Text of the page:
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What is Neurofeedback?

So, what is neurofeedback?

Neurofeedback is a specific form of biofeedback that is based on the brains electrical activity (EEG) (1, 2). Biofeedback is a broad term used to describe a group of non-invasive therapeutic procedures that have been applied by physicians, psychologists, and physiologists for many years to improve the symptoms of anxiety, headache, TMJ (Temporomandibular Joint Disorder), hypertension, urinary incontinence, Irritable Bowel Syndrome, ADHD, epilepsy and more (3). During a biofeedback session, non-invasive sensors are attached to the body (often the hands, face, head, or ears) to monitor and feedback information about bodily processes that normally occur automatically and without conscious thought (4, 5). These may include measurements of muscle tension (EMG), heart rate, heart rate variability, temperature, brain wave activity (EEG), skin conductance, etc. The purpose of the feedback is to allow biofeedback trainees to gain some conscious control over one or more of these normally automatic bodily processes so they can improve the way they feel and function. Biofeedback can be a powerful tool for increasing self-regulation skills.

Neurofeedback  has been used for many years by psychologists, researchers, physicians, and clinicians to assist people in learning to change their mental states (1, 7). Some of he areas that Neurofeedback training has been applied are as follows; (3, 7, 9);

It uses sensors attached to the scalp (and often to the ears) along with electronic amplifiers and computer software to record a client’s brain wave activity (EEG) and then feedback specific aspects of this activity to them, usually on a computer screen. With repeated practice clients can learn to alter their brainwave activity and actually recondition their brain wave patterns (1).

As with other forms of biofeedback, the brain wave activity that is monitored and fed back to the client during neurofeedback training is information that is normally outside of their awareness and not generally under their conscious control. For example, when people who struggle with ADHD get distracted they really don’t know what is happening in their brain that makes it difficult to focus. They may not even be aware when they lose focus and they don’t have much conscious ability to regulate their attention. Neurofeedback training helps them become aware of what happens to their brain waves when they lose focus and rewards them for maintaining a more focused state. With sufficient practice they can stay more focused automatically. They can build a new level of skill and awareness that tends to have lasting effects (5, 8). So, neurofeedback is a specialized form of biofeedback that provides clients with information about their brain wave activity and rewards them for learning to change this activity with the goal of improving how they feel and function.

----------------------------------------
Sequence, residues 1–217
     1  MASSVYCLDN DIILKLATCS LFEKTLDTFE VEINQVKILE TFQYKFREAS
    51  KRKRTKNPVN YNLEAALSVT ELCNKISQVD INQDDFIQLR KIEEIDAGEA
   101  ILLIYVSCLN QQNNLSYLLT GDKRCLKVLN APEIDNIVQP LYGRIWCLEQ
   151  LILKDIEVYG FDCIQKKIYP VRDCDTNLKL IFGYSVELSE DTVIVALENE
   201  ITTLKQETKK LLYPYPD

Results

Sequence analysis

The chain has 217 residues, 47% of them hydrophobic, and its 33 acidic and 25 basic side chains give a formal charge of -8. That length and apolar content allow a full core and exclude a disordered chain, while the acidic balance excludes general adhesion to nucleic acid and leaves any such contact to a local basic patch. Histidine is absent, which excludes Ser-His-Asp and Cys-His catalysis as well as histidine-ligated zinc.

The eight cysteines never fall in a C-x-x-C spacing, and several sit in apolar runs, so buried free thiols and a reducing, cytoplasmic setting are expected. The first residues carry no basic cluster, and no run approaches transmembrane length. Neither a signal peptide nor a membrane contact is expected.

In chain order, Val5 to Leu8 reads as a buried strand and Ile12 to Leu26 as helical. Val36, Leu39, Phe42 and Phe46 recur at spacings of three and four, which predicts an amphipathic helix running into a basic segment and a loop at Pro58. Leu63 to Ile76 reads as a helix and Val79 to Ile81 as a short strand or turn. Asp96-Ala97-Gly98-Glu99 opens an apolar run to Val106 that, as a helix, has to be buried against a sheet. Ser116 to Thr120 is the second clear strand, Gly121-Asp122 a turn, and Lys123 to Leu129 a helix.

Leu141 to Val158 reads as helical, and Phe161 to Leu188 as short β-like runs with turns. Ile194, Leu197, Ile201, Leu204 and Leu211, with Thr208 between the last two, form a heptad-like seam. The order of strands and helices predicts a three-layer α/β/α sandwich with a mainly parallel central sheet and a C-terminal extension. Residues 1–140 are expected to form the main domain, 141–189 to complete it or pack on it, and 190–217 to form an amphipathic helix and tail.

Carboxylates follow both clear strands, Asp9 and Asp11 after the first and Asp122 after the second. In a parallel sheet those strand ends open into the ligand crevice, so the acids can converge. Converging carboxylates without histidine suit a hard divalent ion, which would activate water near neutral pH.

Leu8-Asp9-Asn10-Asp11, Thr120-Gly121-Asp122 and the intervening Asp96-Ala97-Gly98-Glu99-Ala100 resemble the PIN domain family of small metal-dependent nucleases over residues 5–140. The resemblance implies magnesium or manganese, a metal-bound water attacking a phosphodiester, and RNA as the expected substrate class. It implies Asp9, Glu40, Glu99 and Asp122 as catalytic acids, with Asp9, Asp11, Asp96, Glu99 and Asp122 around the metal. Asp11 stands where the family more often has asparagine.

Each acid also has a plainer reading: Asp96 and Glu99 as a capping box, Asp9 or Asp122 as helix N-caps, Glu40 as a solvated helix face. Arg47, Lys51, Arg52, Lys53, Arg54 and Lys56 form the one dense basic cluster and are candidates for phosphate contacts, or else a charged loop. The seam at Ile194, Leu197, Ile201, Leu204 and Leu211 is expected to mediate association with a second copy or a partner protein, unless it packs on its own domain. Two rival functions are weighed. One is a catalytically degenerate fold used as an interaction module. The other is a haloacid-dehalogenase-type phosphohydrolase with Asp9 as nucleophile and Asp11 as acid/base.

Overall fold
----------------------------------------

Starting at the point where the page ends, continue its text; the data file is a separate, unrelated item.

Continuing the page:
1. D. Corydon Hammond PhD (2007): What Is Neurofeedback?, Journal of Neurotherapy: Investigations in
Neuromodulation, Neurofeedback and Applied Neuroscience, 10:4, 25-36
2. Lubar, J.F. (2003) Neurofeedback for the Management of Attention Deficit Disorders. In Schwartz, N., & Olson, R.P. (2003) A Historical Perspective on the Field of Biofeedback and Applied Psychophysiology
3. Yucha, C. & Montgomery, D (2008): Evidence-Based Practice in Biofeedback and Neurofeedback. Association for Applied Psychophysiology and Biofeedback response to a Request for Information for the Mental Health Parity and Addiction Equity Act of 2008.
4. Sherlin, L, Arns, M, Lubar, J, Heinrich, H, Kerson, C, Strehl, U, Sterman, MB, (2011). Neurofeedback and Basic Learning Theory: Implications for Research and Practice. Journal of Neurotherapy 15, p. 292-304
5. Sherlin, L; Arns, M, Lubar, J, Sokhadze, E (2010). A Position Paper on Neurofeedback for the Treatment of ADHD. Journal of Neurotherapy 14, p.66-78
6. Schwartz, N., & Olson, R.P. (2003) A Historical Perspective on the Field of Biofeedback and Applied Psychophysiology
7. Thatcher, R.W. (2013): Handbook of Quantitative Electroencephalography and EEG Biofeedback: Scientific Foundations and Practical Applications: Science of Quantitative EEG and Biofeedback with Exercises and Tutorials. eBook Edition 1.0.8. ANIPublishing Co.
8. Arns, M (2010). QEEG and Neurofeedback in ADHD: From Diagnostics to Treatment – Historical Context, Current State and Future Directions. Presentation at the International Society for Neurofeedback and Research.
9. Thorton, K & Carmody, D (2009). Traumatic Brain Injury Rehabilitation: QEEG Biofeedback Treatment Protocols, Applied Psychophysiology and Biofeedback, 2009, (34) 1, 59-68.


Our Director

Robert Gurnee, MSW, DCSW, Director

Past president of the International Society of Neurofeedback & Research

Past president of the Neurofeedback Division of the Association of Applied Psychophysiology & Biofeedback

Our Location

Scottsdale Neurofeedback Institute
8114 E. Cactus Road - Suite 200
Scottsdale, Arizona, 85260

Opening Hours:
Monday - Friday 8.30am to 6pm

Phone: (480) 625-4123
Fax: (480) 424-7800